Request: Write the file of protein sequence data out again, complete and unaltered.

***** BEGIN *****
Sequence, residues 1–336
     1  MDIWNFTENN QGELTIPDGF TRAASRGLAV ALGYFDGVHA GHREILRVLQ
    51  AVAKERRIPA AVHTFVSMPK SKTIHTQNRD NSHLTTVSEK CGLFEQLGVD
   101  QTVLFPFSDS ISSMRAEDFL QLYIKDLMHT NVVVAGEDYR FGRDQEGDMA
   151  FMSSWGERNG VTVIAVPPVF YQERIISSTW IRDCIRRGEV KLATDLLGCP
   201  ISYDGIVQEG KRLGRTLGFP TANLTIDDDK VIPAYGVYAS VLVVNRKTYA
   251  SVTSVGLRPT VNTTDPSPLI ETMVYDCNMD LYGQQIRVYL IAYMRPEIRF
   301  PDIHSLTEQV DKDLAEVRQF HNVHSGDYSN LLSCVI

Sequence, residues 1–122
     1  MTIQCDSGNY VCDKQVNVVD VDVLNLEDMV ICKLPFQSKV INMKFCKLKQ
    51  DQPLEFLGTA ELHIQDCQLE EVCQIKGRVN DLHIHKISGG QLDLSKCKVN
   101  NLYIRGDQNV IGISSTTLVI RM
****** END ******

Sequence, residues 1–336
     1  MDIWNFTENN QGELTIPDGF TRAASRGLAV ALGYFDGVHA GHREILRVLQ
    51  AVAKERRIPA AVHTFVSMPK SKTIHTQNRD NSHLTTVSEK CGLFEQLGVD
   101  QTVLFPFSDS ISSMRAEDFL QLYIKDLMHT NVVVAGEDYR FGRDQEGDMA
   151  FMSSWGERNG VTVIAVPPVF YQERIISSTW IRDCIRRGEV KLATDLLGCP
   201  ISYDGIVQEG KRLGRTLGFP TANLTIDDDK VIPAYGVYAS VLVVNRKTYA
   251  SVTSVGLRPT VNTTDPSPLI ETMVYDCNMD LYGQQIRVYL IAYMRPEIRF
   301  PDIHSLTEQV DKDLAEVRQF HNVHSGDYSN LLSCVI

Sequence, residues 1–122
     1  MTIQCDSGNY VCDKQVNVVD VDVLNLEDMV ICKLPFQSKV INMKFCKLKQ
    51  DQPLEFLGTA ELHIQDCQLE EVCQIKGRVN DLHIHKISGG QLDLSKCKVN
   101  NLYIRGDQNV IGISSTTLVI RM